Due to the volume of material seized, and concerns that numerous documents stamped with “ACP’” might possibly be protected by attorney-client privilege, the NCIS Special Agent in Charge of the Southeast Field Office directed that the documents be sealed and set aside until a process could be created to review the documents in a way that did not violate any attorney-client privilege.
With the assistance of the Department of Justice and consistent with orders of the federal District Court in Washington, D.C., the Department of Defense appointed a “walled off” team of individuals who were not involved in any other detainee cases or proceedings to determine whether any of these seized documents were relevant to the investigation and, if so, to provide them to investigators unless they were protected by an attorney-client privilege.
Although this team did provide documents to investigators, no attorney-client privileged materials were included and this team did not reveal any attorney-client material to anyone involved in the investigation.
That team was activated on Oct. 23, 2006 at the Regional Legal Service Office at Naval Air Station Mayport, Florida.
The team consisted of an NCIS Supervisory Special Agent from Cherry Point North Carolina, four Naval Officers from the Judge Advocate General’s Corps, two Naval Enlisted Administrative personnel, four foreign language translators, one NCIS evidence custodian from the NCIS Southeast Field Office and one additional NCIS Special Agent based at the Federal Law Enforcement Training Center in Glynco, Georgia.
The NCIS investigation was conducted on behalf of the U.S. Southern Command (USSOUTHCOM).
It is not unusual for an NCIS death investigation to remain open for a year or more due to a number of factors. Those factors include but are not limited to: the number of parties involved in the case, any unique characteristics of the incident location and environment, the amount of evidence collected and the level of effort involved in analyzing that evidence, and the level of supervisory case review given each investigation.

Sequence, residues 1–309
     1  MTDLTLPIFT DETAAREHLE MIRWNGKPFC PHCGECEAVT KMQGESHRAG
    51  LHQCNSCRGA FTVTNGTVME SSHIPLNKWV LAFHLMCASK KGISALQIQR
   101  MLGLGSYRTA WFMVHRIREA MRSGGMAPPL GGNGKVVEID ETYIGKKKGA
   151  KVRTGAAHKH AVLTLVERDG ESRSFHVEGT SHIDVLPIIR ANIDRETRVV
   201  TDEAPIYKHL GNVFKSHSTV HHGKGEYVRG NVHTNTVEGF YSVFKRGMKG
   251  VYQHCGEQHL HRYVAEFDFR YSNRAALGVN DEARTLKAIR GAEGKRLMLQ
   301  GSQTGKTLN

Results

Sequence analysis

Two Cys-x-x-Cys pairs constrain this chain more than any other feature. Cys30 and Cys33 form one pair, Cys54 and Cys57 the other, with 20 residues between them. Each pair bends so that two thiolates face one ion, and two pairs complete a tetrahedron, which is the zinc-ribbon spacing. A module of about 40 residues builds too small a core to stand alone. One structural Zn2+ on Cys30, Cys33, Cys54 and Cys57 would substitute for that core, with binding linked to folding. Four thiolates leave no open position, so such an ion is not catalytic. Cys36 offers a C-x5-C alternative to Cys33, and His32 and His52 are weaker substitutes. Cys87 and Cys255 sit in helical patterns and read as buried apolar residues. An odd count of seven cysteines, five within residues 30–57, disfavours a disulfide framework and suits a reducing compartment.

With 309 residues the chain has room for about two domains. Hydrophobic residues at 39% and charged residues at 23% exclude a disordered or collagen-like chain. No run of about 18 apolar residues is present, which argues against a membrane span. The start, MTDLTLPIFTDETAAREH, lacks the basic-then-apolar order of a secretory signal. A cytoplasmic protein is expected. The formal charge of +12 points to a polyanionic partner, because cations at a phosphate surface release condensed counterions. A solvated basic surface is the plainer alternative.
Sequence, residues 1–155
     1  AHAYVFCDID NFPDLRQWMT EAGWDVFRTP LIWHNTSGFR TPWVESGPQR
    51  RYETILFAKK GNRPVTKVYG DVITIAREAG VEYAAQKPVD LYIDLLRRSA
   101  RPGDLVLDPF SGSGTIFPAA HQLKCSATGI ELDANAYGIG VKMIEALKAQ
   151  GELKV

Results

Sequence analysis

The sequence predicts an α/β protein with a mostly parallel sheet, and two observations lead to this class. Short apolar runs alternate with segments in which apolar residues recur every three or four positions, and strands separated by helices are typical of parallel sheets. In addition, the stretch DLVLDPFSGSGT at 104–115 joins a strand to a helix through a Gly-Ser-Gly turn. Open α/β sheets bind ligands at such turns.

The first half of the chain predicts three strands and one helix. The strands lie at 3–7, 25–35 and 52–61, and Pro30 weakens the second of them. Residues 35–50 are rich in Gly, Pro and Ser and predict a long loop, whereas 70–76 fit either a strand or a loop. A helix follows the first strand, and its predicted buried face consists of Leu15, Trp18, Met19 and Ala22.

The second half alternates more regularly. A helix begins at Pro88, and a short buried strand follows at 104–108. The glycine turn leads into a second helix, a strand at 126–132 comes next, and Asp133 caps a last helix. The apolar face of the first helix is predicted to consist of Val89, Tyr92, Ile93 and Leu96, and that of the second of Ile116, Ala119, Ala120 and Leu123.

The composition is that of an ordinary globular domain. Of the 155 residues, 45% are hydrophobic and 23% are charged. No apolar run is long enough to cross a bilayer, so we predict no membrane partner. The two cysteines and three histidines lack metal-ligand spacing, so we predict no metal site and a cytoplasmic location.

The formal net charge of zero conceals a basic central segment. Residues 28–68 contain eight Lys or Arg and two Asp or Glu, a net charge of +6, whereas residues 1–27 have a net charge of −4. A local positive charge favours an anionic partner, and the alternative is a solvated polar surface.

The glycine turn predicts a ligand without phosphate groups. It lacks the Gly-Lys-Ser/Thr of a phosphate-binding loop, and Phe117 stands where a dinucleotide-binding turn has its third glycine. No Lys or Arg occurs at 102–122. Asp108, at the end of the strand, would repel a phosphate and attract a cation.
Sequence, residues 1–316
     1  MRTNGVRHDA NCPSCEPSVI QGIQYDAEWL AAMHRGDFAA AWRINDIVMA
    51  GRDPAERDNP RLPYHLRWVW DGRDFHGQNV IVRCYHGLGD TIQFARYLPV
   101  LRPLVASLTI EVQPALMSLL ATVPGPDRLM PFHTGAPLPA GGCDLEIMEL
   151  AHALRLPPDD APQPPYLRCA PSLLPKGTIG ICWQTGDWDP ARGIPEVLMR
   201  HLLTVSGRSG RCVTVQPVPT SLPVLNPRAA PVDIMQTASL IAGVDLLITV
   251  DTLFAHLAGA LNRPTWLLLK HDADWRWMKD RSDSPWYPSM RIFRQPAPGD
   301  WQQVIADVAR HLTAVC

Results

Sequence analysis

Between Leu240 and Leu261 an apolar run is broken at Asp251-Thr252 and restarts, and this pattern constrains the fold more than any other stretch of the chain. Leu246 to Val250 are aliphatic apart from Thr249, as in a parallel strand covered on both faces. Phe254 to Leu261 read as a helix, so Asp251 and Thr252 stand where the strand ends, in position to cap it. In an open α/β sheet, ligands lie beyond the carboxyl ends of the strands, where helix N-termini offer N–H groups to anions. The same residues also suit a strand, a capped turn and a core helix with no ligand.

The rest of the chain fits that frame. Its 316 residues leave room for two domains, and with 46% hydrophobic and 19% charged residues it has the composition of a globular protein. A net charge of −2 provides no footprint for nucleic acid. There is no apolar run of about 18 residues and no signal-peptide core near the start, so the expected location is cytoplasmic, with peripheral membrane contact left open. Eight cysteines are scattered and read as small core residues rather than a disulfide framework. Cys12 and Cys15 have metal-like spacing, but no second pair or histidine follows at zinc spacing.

The Naval Criminal Investigative Service, as its name implies, is a fact-finding entity. It does not draw prosecutorial conclusions nor make recommendations regarding potential courses of action which could result from the investigative findings.
The NCIS case file, redacted consistent with applicable Freedom of Information Act exemptions, was provided to the Dickstein Shapiro law firm in response to their FOIA request.
The NCIS case file will be posted in its entirety on the DOD FOIA web site in the near future.
Note: The NCIS took the men’s names from lists maintained by the Pentagon. As with so much of the information pertaining to the prisoners, the transliteration of two of the names is widely regarded as inaccurate. Ali Abdulla Ahmed is generally referred to as Ali Abdullah Ahmed al-Salami, and Mana Shaman Allabard al Tabi as Mani al-Utaybi. Al-Utaybi’s name was also transliterated in some reports as Manei al-Oteibi, and al-Salami was also known as Salah al-Salami.
Andy Worthington is the author of The Guantánamo Files: The Stories of the 774 Detainees in America’s Illegal Prison, which includes a chapter on “Suicides and Hunger Strikes” at Guantánamo. The book is published by Pluto Press, distributed by Macmillan in the US, and available from Amazon — click on the following for the US and the UK. To receive new articles in your inbox, please subscribe to my RSS feed, and see here for my definitive Guantánamo prisoner list, published in March 2009.
[...] the NCIS statement (published in full here) does little to address long-standing concerns about the circumstances of the men’s deaths. [...]
[...] Ali al-Salami, Mani al-Utaybi and Yasser al-Zahrani — and the belated and inadequate results of an investigation into their deaths, and Abdul Razzaq Hekmati, the Afghan prisoner who died of cancer in Guantánamo [...]
[...] a number of compelling reasons why the official story of the men’s triple suicide (as endorsed by a Naval Criminal Investigative Service report in 2008) is a cover-up. That story, written by Scott Horton, was published by Harper’s Magazine [...]